Students honored school’s founder on Ted Ginn Sr. Day (Video)
The young men who attend Ginn Academy gather in the gym for their daily morning assembly. On Tuesdays, they walk into Gospel music.
As is tradition, the seniors walk in last. But Tuesday, Oct. 15 may have seemed like any ordinary day -- it wasn't. It was Ted Ginn Sr. Day, declared in honor of the man who established CMSD"s Ginn Academy, the only public all-boys high school in Ohio.
In 2013, Cleveland Mayor Frank Jackson gave Ginn a key to the city and set aside Oct. 15 in honor of Ginn. And every year since then, there has been a celebration of sorts at the high school bearing his name.
These young men appreciate all he has done for them.
"He has done such good things with the school,” said Michael, a Ginn Academy junior. “He has given scholarships to those who’ve earned it, and it goes to show you can aim big if you try.”
For the last four decades Ginn has dedicated his life to giving back to the community. He is football and track coach at Glenville High School but says he coaches more than sports.
“You know everybody calls me coach,” said Ginn. “But I don't coach just football, I coach people that of life.”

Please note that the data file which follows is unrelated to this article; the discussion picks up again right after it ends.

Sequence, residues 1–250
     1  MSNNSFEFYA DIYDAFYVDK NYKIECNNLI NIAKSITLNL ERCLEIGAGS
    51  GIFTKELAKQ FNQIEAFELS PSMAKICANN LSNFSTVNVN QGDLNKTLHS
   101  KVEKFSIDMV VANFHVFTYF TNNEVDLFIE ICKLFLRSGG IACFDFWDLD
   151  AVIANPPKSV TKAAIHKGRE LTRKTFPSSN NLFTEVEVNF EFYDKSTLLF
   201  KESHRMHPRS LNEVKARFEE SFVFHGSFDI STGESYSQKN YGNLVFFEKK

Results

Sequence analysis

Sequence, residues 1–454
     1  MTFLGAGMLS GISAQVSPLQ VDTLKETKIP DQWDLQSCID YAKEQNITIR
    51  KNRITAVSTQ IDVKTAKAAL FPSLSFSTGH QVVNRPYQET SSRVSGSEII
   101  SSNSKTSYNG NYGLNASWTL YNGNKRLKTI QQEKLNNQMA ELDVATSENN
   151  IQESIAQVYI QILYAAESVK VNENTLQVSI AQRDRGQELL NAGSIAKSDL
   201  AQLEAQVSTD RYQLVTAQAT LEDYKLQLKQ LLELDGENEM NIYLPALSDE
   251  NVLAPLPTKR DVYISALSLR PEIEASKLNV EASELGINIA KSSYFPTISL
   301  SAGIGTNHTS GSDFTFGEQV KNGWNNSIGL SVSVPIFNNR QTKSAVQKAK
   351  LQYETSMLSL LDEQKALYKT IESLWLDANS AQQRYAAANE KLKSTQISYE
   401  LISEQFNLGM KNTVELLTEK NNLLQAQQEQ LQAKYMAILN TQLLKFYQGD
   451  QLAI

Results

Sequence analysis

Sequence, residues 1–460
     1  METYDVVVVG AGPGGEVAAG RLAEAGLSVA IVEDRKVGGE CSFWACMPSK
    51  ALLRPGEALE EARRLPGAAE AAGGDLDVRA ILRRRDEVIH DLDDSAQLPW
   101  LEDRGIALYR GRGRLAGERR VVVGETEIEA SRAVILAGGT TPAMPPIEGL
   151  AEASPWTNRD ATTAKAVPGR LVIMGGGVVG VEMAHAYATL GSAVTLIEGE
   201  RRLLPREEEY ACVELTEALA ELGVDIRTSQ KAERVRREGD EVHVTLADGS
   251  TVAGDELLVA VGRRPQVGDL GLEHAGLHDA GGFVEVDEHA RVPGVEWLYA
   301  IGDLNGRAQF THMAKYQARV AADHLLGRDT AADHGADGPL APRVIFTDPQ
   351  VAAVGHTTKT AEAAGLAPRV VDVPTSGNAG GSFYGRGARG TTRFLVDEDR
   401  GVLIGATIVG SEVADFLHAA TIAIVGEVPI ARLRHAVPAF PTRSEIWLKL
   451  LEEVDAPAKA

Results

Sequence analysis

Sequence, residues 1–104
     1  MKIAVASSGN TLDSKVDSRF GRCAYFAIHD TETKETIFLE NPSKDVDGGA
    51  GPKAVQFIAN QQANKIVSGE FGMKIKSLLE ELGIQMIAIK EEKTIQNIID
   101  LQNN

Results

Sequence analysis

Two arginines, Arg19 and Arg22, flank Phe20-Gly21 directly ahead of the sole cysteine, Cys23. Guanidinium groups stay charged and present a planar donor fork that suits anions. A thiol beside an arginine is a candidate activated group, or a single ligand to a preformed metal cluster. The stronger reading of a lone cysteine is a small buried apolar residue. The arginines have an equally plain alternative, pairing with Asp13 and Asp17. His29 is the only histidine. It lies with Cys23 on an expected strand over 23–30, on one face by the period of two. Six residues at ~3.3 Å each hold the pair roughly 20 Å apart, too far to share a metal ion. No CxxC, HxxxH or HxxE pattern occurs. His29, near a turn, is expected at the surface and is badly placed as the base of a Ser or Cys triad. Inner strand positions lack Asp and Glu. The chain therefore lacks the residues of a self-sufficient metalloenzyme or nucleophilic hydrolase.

He has coached hundreds of boys to become young men. Boys, who at one time some may have considered to be “at risk.” But with the school, he encouraged them to go to college and be productive members of society; some have been talented enough to play sports on the collegiate and pro levels. Like Deeion, who says he was just accepted to play basketball at Alabama A&M with Ginn’s help.
"It has been a memorable day,” said Deeion, a Ginn Academy senior. “I remember my eighth-grade year, when I came to visit. It was on Ted Ginn Sr. Day. That day will always be memorable. That is the reason I came here, because I seen the family and the commitment Ted Ginn put into this school, and I wanted to be a part of that.”
Many spoke Coach Ginn’s praises on this day, including his wife.
“We love him, we honor him and we adore him,” Jeanette Ginn said.
Ginn has made an impact on many lives, but he is determined to continue to help many more. And during it all, he remains humble.
“I don't do it to be recognized,” Ginn said. “I think the recognition that I need is when people and children be successful and are moving forward."